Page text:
In Third Shot Drop with Sarah, we learned of Sarah's 3 Ps for hitting the drop shot - Preparation (getting ready for the shot), Pace (hit a soft shot), and Placement (thinking about a target). Sarah also recommends hitting the ball as it falls after the bounce because the energy of the return has dissipated. Sarah's technique includes pointing the paddle downward and hitting the ball with an arc peaking at 6'-7'.

In Mark's Third Shot Drop, Mark Renneson gives his take on technique, using the same open paddle face and upward body lift described by others. The swing is from the shoulder and does not use the wrist at all.

In When Drop Shots go Bad, we read that the difficulty of the drop shot means that it frequently will allow the opponent to hit an offensive return. Prem Carnot discusses ways to anticipate whether the drop shot is good or bad by watching the height and arc of the ball. Based on that assessment, players can move forward to the kitchen line or take a defensive position.

In Third Shot Drop = Winning, the importance of the drop shot was reinforced by Dave Weinbach in an interview in which he stated "The most important shot in pickleball, really, is the third shot drop, and I don't think people practice it enough back at home. It isn't an easy drill to do, but if you can effectively hit a third shot drop in the kitchen, then your partner and you can get into the kitchen line where you have to be to play effective pickleball."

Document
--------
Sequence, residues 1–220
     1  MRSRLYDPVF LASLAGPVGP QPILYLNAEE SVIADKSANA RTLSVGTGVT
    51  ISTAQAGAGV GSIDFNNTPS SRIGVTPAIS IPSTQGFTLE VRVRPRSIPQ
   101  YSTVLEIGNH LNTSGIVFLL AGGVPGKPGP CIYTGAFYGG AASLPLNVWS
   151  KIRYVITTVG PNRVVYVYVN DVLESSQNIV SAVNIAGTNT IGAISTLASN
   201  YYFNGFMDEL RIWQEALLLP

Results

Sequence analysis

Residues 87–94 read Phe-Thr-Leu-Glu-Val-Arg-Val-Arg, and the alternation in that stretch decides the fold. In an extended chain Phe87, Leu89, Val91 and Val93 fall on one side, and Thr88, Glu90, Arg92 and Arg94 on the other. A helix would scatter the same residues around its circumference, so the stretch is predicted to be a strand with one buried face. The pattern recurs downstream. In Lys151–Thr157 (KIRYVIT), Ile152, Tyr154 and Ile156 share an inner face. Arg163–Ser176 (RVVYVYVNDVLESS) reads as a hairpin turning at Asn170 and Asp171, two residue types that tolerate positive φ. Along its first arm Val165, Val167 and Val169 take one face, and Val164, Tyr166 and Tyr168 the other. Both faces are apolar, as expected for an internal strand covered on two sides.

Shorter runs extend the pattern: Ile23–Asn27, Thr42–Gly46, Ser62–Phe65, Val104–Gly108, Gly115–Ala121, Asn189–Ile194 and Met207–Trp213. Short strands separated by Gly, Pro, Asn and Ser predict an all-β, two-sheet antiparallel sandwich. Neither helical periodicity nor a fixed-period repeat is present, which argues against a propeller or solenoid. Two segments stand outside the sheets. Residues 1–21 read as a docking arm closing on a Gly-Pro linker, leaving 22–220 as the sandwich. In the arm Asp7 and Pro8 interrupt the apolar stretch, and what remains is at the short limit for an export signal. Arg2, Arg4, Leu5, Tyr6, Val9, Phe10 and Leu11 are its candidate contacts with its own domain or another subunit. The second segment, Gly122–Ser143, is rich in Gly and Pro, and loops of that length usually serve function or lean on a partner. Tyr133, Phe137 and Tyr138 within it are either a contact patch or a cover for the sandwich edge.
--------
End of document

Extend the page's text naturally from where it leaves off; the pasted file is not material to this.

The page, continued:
In Third Shot Review, Jeff Shank provides a comprehensive review of the third shot starting from pre-shot positioning to advancing to the kitchen line. Jeff recommends that serving-team players remain behind the baseline until the return of serve is hit. Then, they should move to the proper position to hit a drop shot that allows getting the positional advantage at the kitchen. If a shot fails to allow getting fully to the line, stop in the ready position when the opponent is about to hit. The non-hitting partner should take 2 steps into the court while watching his partner's shot to judge whether to stay in position or charge to the line. 

In Revisiting the Dropshot, Jeff Napier summarizes many of the previous points with particular emphasis on the importance of the shot.